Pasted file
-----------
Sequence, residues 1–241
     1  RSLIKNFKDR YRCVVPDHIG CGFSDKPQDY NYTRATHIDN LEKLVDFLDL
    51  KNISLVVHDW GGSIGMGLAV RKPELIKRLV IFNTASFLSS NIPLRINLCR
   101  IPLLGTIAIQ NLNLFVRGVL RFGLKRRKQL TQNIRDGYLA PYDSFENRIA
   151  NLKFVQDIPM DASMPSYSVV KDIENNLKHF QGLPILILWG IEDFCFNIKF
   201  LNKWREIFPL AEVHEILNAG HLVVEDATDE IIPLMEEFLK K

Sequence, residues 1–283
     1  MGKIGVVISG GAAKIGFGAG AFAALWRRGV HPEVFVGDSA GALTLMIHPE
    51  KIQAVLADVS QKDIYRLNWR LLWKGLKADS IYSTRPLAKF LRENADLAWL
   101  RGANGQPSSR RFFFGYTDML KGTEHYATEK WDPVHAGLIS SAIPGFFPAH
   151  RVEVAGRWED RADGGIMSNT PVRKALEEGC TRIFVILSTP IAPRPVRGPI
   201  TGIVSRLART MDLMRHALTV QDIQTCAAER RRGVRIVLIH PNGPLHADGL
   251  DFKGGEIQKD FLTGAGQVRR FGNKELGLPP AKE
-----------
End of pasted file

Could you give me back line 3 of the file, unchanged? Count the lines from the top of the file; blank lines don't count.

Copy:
    51  KNISLVVHDW GGSIGMGLAV RKPELIKRLV IFNTASFLSS NIPLRINLCR